Denver Bar Association
February 2005
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Get Over the Election? This Ain’t Funny

Editor’s Note: As expected, January’s article, "Ok, I Voted, So Now What," created quite a stir among DBA members. Here are some of your responses.

From Terry Kelly:

Doug McQuiston’s "OK, I Voted, So Now What" was entertaining. Who doesn’t enjoy gloating posing as sympathy? "Hey, lighten up," directs Mr. McQuiston. The whole election thing? It was a joke! Presidents have no power. The USA’s real power is its "healthy, capitalistic entrepreneurial economy, trading freely in the world, creat[ing] jobs ... form[ing] the strongest engine for economic success the world has ever known." We are also assured that however the latest Bush retained power, it wasn’t because of superior moral values. Nobody gives a damn about moral values. And things will get better — Iraq, social security, employment. They always do. Otherwise, why would immigrants be suffocating, jammed into border-crossing trucks, seeking jobs in the "strongest engine for economic success the world has ever known"?  

Look: Presidents do have power. Because Iraq held big, big weapons, and because a full scale war on Iraq would result in the Iraqi people quickly joining us against their countrymen, this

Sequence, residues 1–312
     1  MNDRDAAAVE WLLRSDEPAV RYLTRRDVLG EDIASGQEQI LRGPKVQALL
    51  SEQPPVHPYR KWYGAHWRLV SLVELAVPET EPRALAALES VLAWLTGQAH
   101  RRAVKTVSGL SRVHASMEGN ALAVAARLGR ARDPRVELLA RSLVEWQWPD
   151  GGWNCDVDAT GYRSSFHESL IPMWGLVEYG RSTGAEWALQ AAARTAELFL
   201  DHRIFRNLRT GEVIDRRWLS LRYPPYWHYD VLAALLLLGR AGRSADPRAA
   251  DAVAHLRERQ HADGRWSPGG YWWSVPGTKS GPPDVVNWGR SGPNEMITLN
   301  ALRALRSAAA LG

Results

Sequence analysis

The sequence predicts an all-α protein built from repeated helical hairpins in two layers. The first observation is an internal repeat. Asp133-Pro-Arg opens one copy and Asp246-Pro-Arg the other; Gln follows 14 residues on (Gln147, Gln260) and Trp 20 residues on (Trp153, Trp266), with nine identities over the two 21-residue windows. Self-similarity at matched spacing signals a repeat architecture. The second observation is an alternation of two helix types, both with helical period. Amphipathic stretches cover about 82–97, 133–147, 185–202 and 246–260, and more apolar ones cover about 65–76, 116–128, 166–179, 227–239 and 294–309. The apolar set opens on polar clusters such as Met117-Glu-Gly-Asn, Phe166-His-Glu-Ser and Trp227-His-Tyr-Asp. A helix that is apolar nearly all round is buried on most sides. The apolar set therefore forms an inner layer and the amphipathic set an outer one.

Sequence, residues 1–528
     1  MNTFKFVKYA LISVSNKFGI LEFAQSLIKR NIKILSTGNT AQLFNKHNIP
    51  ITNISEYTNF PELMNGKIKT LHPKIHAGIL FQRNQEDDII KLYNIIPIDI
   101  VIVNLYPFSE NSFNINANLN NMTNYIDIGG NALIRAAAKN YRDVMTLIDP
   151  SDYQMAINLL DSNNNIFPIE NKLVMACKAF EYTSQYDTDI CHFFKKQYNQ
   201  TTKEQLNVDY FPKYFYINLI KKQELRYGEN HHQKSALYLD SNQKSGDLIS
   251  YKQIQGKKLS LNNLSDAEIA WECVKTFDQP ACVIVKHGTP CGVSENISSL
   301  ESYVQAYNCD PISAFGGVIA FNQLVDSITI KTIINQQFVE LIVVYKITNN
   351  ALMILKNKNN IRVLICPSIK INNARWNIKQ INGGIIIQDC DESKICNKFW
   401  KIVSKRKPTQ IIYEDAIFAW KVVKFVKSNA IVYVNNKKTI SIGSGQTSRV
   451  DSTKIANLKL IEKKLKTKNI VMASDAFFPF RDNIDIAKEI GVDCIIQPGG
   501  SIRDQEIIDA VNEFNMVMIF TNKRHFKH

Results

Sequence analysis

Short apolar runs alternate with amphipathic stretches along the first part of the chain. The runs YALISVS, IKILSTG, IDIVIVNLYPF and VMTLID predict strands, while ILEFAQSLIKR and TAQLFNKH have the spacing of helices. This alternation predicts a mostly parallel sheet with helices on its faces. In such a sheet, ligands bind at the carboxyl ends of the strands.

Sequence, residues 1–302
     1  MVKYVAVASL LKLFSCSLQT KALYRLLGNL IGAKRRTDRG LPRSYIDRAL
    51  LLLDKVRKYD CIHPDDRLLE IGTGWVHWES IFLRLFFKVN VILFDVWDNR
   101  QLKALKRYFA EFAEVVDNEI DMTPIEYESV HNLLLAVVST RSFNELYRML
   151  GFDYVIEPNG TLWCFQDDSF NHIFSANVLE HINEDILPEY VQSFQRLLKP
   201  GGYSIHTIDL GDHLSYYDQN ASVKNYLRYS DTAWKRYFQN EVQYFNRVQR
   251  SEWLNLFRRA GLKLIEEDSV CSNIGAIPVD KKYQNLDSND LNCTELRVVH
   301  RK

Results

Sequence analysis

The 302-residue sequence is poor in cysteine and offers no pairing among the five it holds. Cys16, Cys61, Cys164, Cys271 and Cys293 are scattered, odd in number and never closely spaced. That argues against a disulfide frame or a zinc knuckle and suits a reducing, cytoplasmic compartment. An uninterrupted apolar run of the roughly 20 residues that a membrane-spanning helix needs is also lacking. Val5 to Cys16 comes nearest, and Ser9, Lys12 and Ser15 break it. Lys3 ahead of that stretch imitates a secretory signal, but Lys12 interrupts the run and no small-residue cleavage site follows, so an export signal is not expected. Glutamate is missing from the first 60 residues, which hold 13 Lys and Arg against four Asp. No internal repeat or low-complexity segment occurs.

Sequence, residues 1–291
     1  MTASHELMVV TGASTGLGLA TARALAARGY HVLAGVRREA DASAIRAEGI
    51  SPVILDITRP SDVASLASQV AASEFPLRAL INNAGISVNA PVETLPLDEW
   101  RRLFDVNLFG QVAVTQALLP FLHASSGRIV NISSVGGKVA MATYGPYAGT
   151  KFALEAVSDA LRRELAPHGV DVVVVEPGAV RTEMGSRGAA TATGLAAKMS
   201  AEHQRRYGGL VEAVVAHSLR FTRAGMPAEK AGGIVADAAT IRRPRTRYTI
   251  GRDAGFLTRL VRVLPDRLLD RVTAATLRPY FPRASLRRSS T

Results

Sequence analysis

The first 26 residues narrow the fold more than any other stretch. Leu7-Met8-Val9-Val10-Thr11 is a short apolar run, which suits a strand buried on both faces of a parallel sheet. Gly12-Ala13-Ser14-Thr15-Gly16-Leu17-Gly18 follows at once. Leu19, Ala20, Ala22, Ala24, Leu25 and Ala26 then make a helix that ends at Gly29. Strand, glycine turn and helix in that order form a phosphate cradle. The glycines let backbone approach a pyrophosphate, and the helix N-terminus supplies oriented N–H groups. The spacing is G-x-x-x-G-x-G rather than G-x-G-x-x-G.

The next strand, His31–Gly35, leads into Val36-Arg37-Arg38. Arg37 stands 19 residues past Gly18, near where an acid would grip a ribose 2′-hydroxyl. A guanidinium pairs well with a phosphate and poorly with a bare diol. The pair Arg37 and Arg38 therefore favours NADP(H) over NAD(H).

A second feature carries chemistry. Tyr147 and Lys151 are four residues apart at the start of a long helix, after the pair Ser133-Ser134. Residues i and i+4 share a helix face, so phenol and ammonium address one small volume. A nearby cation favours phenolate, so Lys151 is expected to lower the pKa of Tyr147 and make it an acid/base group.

president got to become a "War President." We now have over 10,000 dead Iraqi civilians, 1,000 dead U.S. soldiers, at least 6,000 wounded soldiers. What we really have is " ... a train coming that’s packed with people who are going to need help for the next 35 years."(Stephen Robinson, Ex. Dir. National Gulf Resource Center, NCR 1/7/05.) The dead, the wounded and those people in that train have spouses and children. The social havoc wreaked by this little display of presidential power is an off-the-books cost on the U.S. economy and conscience that will be a huge burden forever. Presidents also nominate federal judges, including Supreme Court justices. That’s power. We are assured that this president’s nominees will be "strict constructionists," and not "judicial activists." Even Justice Scalia has made it clear that whatever a "strict constructionist" is, he isn’t one of them. "I am not a nut," he claims. (New York Times, May 2, 2004, p.34.) A person who is committed to nominate judges based primarily upon the nominees’ wacky characteristics has power, even if he is ill-equipped to exercise that power.

I would like to laugh, light up Doug’s cigar, pour some port and enjoy the joke. Can’t do. I know funny.
This ain’t funny.

From Carolyn Powell: